• Hacker Intelligence Initiative (HII)

    Issued approximately six times a year, the Imperva Hacker Intelligence Initiative (HII) reports go inside the cyber-underground to provide in-depth, forward-looking analysis at trending hacking techniques and interesting attack campaigns. These provocative, creative and innovative research papers aim not to solely understand what has happened in the past, but to deep dive into what is ahead and what’s needed to proactively stay ahead of hackers’ next moves.

  • Phishing made easy: Time to rethink your prevention strategy?

    In this report, Imperva researchers expose how cybercriminals are lowering the cost and increasing the effectiveness of phishing by leveraging compromised servers and turnkey phishing services, which are the key drivers of the overall increase in phishing attacks.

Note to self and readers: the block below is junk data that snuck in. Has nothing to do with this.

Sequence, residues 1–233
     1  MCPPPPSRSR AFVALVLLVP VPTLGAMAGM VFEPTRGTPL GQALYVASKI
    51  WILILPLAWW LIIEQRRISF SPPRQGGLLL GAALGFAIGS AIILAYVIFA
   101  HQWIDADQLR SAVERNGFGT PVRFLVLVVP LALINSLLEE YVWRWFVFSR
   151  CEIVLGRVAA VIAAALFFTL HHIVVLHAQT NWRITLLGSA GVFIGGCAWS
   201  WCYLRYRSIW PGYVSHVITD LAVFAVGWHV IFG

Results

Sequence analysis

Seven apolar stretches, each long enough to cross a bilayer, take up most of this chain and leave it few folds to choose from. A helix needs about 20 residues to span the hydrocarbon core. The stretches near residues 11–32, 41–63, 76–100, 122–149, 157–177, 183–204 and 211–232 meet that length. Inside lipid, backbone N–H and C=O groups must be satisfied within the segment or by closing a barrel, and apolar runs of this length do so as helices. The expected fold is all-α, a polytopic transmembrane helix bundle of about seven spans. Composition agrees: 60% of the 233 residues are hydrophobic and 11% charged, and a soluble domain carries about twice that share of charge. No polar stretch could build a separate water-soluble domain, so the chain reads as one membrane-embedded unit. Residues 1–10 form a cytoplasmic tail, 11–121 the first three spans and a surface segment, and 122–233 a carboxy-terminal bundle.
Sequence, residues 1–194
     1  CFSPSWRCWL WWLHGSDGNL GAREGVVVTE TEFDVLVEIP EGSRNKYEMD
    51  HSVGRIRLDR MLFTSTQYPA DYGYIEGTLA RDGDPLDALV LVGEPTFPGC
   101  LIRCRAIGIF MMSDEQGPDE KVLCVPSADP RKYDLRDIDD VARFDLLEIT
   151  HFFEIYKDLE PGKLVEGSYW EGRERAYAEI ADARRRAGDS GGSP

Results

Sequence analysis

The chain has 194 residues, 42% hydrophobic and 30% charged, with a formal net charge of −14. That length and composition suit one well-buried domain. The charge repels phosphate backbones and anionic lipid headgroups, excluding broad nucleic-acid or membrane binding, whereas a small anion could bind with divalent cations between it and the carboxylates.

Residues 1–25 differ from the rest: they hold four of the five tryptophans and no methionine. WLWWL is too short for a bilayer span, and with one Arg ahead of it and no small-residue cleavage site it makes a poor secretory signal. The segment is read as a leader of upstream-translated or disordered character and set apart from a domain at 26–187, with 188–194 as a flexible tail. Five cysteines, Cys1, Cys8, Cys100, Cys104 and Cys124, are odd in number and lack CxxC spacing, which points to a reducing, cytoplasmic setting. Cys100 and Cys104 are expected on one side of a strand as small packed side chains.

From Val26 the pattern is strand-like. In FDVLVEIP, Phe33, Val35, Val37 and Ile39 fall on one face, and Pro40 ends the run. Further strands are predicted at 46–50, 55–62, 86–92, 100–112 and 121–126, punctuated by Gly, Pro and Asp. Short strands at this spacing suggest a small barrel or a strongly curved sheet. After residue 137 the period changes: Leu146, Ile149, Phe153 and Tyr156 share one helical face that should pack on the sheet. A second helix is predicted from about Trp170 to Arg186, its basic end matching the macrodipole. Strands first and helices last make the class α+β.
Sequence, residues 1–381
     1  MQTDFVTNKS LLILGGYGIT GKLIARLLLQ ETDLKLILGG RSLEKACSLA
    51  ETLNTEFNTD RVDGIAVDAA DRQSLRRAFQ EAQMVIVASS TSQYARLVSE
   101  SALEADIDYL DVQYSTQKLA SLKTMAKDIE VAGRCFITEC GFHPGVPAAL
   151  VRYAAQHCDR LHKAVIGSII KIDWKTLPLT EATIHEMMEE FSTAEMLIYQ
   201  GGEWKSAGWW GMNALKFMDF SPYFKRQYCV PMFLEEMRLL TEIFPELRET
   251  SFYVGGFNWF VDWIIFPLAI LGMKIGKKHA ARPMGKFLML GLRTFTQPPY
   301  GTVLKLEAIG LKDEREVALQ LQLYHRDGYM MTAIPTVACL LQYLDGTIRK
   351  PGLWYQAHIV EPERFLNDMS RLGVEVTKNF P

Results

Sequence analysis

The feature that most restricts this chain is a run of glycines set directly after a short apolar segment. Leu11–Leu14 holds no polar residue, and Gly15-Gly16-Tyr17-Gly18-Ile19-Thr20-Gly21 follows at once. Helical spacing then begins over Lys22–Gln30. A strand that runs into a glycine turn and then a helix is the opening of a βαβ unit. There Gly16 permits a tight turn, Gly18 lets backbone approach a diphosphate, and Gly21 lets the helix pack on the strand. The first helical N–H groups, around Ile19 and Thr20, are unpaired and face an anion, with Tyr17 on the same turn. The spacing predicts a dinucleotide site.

• HTTP/2: In-depth Analysis of the Top Four Flaws of the Next Generation Web Protocol

    This report analyzes the four high-profile vulnerabilities which the Imperva Defense Center team uncovered in the latest implementation of the Worldwide Web’s underlying protocol. Read this report to find out more about the exploitable vulnerabilities which the team discovered in nearly all of the new HTTP/2 components.

  • Black Hat SEO: A Detailed Analysis of Illegal SEO Tactics

    Researchers at the Imperva Defense Center have discovered a series of long-running, multi-vector search engine optimization (SEO) campaigns that exploit vulnerabilities in thousands of legitimate websites to illegally increase the SEO results for malicious websites. Read this report to find out how hackers use these botnet-driven SEO attacks to promote malicious websites.

  • Attacking SSL when using RC4: Breaking SSL with a 13-year-old RC4 Weakness

    RC4 is the most popular stream cipher in the world. It is used to protect as many as 30 percent of SSL traffic today, probably summing up to billions of TLS connections every day.